It will be televised, with a minute of silence at 3pm.
His body will lie at rest at Windsor Castle ahead of the funeral in St George’s Chapel – where Harry and Meghan wed in 2018.
As the consort of the Queen, the dedicated royal is entitled to a state funeral.
However, the Duke of Edinburgh was firm that he didn’t want one.
Instead, mourners including Harry, William and Charles will follow his coffin – carried in a specially-adapted Land Rover – to the chapel.
A statement from No10 was released yesterday as the PM confirmed he would not be attending.
It read: “As a result of the Coronavirus regulations, only 30 people can attend the funeral of HRH The Prince Philip, Duke of Edinburgh.
“The Prime Minister has throughout wanted to act in accordance with what is best for the Royal household, and so to allow for as many family members as possible will not be attending the funeral on Saturday.”
Meanwhile, Prince Harry is understood to be on his way back from the States now – as he’ll need to quarantine for five days when he arrives and provide a negative test to avoid a longer isolation.
The Duchess of Sussex, 39, was advised not to travel due to her pregnancy – although Palace officials say she made “every effort” to be by her husband’s side.
It means the Duke of Sussex, who is known to have been very close to his grandfather, is returning alone – and preparing to see his close family for the first time since he and Meghan quit the UK in March 2020.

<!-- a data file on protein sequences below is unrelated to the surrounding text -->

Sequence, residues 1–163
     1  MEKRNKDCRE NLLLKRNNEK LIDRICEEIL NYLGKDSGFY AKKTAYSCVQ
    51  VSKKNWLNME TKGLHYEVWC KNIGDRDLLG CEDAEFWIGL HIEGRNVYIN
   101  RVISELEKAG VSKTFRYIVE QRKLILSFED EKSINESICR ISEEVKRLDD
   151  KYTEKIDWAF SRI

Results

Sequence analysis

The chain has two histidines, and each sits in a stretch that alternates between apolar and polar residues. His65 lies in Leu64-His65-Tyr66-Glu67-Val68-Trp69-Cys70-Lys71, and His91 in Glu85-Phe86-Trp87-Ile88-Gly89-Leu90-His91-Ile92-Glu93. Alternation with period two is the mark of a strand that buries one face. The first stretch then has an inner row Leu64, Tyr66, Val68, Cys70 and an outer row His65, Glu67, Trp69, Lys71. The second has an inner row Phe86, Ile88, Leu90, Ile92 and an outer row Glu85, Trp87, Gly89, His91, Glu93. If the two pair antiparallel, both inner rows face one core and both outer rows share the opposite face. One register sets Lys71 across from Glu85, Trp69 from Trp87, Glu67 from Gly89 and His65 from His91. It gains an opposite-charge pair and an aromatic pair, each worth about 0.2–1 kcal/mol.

It will also be the first time the family has met face-to-face since Harry and Meghan’s bombshell interview with Oprah aired in March this year.
However, royal experts believe that the funeral could offer Harry a chance to heal any rift the interview may have caused.
Author Penny Junor says she believes the family will “pull together” for the Queen’s sake – while royal commentator Richard Fitzwilliams has said a “show of unity” is vital for repairing relations.
Cardinal Vincent Nichols, the head of the Catholic Church in England and Wales, told Times Radio: “The whole ceremony will be watched by everybody, but you think of the complexities of the dynamics in that family and we have to think of Harry, so far away.
HARRY’S ATTENDANCE ‘COULD MEND RIFT’
“I’m sure he’ll come but not being, the whole time, in the public eye might just help.
“Many a family gather and get over tension and broken relationships at the time of a funeral.
“Something very profound unites them all again. And that would be true for this family, I’m sure.”
Meanwhile, former PM Sir John Major – who was appointed as the special guardian to both Prince William and Prince Harry following their mother’s tragic death – said he hopes the funeral will unite the family again.
During an interview on Andrew Marr, Sir John said the “affection between Charles and the boys was evident” after Diana died.
And asked about the Cardinal’s remarks, he replied: “I’m sure he’s right.
“I hope he’s right, I believe he’s right.
“The friction we are told has arisen is friction that is better ended as speedily as possible, and a shared emotion, a shared grief at the present time, is an ideal opportunity.
“I hope very much it is possible to mend any rifts that may exist.”